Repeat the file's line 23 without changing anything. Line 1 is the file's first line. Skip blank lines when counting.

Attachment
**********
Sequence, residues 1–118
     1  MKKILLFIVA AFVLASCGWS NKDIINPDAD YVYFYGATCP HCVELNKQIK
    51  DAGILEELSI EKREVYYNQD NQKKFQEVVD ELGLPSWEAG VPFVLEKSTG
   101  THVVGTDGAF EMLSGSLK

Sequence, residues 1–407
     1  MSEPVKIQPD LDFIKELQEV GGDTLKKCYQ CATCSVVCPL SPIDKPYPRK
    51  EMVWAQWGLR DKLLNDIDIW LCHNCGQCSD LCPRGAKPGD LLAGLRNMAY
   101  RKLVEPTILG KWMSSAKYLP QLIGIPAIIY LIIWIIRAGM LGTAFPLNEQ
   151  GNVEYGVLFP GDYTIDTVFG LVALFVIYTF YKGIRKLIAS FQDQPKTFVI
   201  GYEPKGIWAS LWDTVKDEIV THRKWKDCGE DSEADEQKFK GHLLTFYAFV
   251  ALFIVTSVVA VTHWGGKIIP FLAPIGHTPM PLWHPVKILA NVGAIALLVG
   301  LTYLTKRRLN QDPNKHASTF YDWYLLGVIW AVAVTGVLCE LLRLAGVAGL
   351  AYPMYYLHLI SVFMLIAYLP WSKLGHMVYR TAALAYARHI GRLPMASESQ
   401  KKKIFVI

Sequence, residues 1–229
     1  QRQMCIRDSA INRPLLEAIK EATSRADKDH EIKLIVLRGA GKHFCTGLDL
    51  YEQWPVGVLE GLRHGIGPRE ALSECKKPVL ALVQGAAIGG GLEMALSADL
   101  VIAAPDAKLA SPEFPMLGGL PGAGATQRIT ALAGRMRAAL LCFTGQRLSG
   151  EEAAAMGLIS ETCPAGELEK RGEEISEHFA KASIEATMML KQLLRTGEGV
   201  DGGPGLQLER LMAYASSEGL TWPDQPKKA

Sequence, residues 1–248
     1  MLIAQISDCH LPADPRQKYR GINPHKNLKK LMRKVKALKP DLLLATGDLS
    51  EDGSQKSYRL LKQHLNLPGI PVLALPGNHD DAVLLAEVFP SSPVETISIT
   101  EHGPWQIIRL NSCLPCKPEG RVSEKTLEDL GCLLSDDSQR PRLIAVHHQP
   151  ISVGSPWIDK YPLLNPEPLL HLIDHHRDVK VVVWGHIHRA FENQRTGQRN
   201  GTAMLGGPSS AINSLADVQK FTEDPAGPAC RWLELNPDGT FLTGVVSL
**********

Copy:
    51  EDGSQKSYRL LKQHLNLPGI PVLALPGNHD DAVLLAEVFP SSPVETISIT